9. Switch and linkbait

In this case, we're talking about creating a real piece of linkbait for reputable links, then replacing it with something more financially beneficial later. It's clear that tricking people into linking to content isn't something Google would approve of.

I don't see linkbait and switch done very often, but every time I do, I die a little inside. There's no need to upset link partners and search engines if you can create and spread viral content. Instead, make the most of it with clever links on the viral URL, repeat your success, and establish yourself as a reliable source of quality content.

What are the possible gains of link spam?

Link spam is used to increase the number of external links to a site that the spammer wants to promote in order to boost its ranking. The level or rank of a page rises as the number of links to it rises. It improves its search engine results page ranking (SERPs).

The higher the ranking in web searches, the more competitors will be visible, resulting in more visitors, traffic, and potentially more paying customers.

This, theoretically, is the rationale behind link spamming. However, it almost never works and the risk of getting caught and penalized by search engines is too great to ignore.

Link spam is almost certainly counterproductive for those who engage in it. When different search engines determine that a site is not well-viewed, traffic and ranking may suffer. It's even possible that it won't show up in the search results at all.

To prevent or reduce comment spam, measures such as requiring manual approval of comments containing and detecting spam using a blacklist of banned words have been implemented.

Possible Links Spam Solutions

Step 1: Recognize Types of Link Spam

With a few exceptions, such as editorial links from large publications, virtually any link that is unimportant to a website is considered link spam. Here's a quick rundown of the most common ones to avoid:

  • Penalized domain links.
  • Links from link farms and link directories
  • "Bad Neighborhood" Links (Porn, Pharmacy, Online Gambling).
  • Links to the site from sites where the language does not match the site's language.
  • There are a lot of links from different websites that aren't related to each other.
  • Anchor text links that are an exact match.

Step 2: Determine Source

Since all links that adhere to their "toxic" link definitions are flagged, several tools can be very useful in determining the origin of spam links.

You should try to use a tool that allows you to export the data, regardless of which option you choose for detecting spam links. This will allow you to create a file that can be downloaded, as well as sort and classify the data you find, which will help you figure out which websites to contact first to request that their links to your site be removed.

Step 3. Request that Spam Links Be Removed

Your chances of getting spam or low-quality link removed by requesting it from the webmaster are nearly nil. However, Google requires you to complete this step before asking them to ignore the link, so it should be completed regardless.

Most of the time, finding the contact information for the person who has access to that website is impossible. Many don't even have a generic contact page to receive emails; in this case, try using the WHOIS option on the domain to see what information is available.

Most likely, information such as the organization's name, state, and country of origin will be obtained; however, these details are rarely useful, and the list will be devoid of email addresses.

You can contact the website's hosting company and request that the identified unwanted links be removed. In the majority of cases, it will work.

Step 4: Create and Send Disavow File to Google

You can use this tool to import a text file into Google Search Console, which contains the links you want Google to ignore. With the ability to specify specific URLs, Google can be instructed to ignore each link for a specific domain.

The backlink profile should be scrutinized thoroughly. The tool must be used with caution so that the actual backlinks with authority are not disallowed, and the page's organic ranking is not harmed.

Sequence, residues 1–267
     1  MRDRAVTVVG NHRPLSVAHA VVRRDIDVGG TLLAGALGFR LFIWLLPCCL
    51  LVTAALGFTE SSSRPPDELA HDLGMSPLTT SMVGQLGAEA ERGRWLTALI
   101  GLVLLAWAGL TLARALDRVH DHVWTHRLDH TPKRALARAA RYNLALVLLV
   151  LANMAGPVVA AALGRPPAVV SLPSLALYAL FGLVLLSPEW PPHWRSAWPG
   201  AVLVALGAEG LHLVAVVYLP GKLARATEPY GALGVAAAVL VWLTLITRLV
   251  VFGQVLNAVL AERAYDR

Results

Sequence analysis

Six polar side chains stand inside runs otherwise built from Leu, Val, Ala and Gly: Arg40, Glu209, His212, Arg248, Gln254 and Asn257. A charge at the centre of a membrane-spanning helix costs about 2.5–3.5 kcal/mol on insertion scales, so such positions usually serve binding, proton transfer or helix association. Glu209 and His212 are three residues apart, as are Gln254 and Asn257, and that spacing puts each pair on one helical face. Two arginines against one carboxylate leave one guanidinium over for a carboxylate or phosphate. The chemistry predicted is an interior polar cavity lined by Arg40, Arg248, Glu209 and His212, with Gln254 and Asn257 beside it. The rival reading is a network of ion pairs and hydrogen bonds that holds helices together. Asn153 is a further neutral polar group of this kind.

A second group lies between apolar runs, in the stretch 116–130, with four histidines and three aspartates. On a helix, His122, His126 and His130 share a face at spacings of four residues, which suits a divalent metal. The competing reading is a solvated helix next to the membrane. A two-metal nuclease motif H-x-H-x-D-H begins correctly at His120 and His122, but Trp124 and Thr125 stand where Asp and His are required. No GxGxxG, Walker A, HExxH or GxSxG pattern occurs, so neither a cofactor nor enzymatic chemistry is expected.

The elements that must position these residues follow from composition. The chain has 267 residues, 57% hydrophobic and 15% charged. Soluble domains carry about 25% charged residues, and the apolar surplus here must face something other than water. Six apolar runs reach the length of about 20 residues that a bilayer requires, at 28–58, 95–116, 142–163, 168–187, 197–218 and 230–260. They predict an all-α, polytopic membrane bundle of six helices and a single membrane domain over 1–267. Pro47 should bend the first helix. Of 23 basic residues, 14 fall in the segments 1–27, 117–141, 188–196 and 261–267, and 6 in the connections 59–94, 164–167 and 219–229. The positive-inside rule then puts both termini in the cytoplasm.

Once the file has been sent, it must be processed. It's just a matter of waiting for the classification to be gradually restored.

New Google Update and Link Spamming

Within the next few weeks, a new spam algorithm will be rolled out with the goal of combating link spam in general.

This link spam update identifies and eliminates spammy links "more broadly" and "across multiple languages." As Google's algorithms re-evaluate those links, sites that participate in link spam will see changes in Search.

Link spam is being eliminated. As you can see, Google used the word "nullifying" here, which does not necessarily mean "penalize," but rather "ignore" or "do not count." Google's efforts to combat link spam have been to ignore and not count spammy links since the release of Penguin 4.0 in 2016.

It could feel like a punishment. While Google may not penalize your site for these spammy links, it may feel like a penalty if Google ignores or nullifies links that may have helped a site rank well in Google Search.

In short, if your rankings drop in the next few weeks, especially if it is a significant drop, it could be due to this update.

Therefore, it is important, now more than ever, to make sure all your content and traffic is organic, or you will have to suffer the consequences.

Spam Links: They aren't worth it

I purposefully wrote about how spam links "appear." If you believe black hat SEO is immoral, or otherwise unethical, that's fine; just make sure your white hat links don't resemble black hat links. If you believe that white hat SEO managers are sheep or Google's pawns, the same rule applies: your links should not appear manipulative.

The abovementioned tactics are not recommended because the potential benefits do not outweigh the risks. If your dubious link building fails and your links are devalued, you'll have wasted a lot of time building links that don't matter.

There's also the opportunity cost: what else you could have done with your time? Finally, removing a manual penalty can take a lot of time as well. This is why it is advisable to stay away from black hat SEO tactics and be safe.


This is it for today’s blog. I hope you enjoyed reading it. Do share your feedback with me and reach out to me if you have any queries. I will get back to you as soon as I can. If you want your business website to rank higher on Google SERPs organically, contact the experts at Prism Digital, the best SEO agency in Dubai and we will help you build and implement strategies that actually work. See you on the other side. Goodbye.

Lovetto Nazareth

About The Author: Lovetto Nazareth

Lovetto Nazareth is a digital marketing consultant and agency owner of Prism Digital. He has been in the advertising and digital marketing business for the last 2 decades and has managed thousands of campaigns and generated millions of dollars of new leads. He is an avid adventure sports enthusiast and a singer-songwriter. Follow him on social media on @Lovetto Nazareth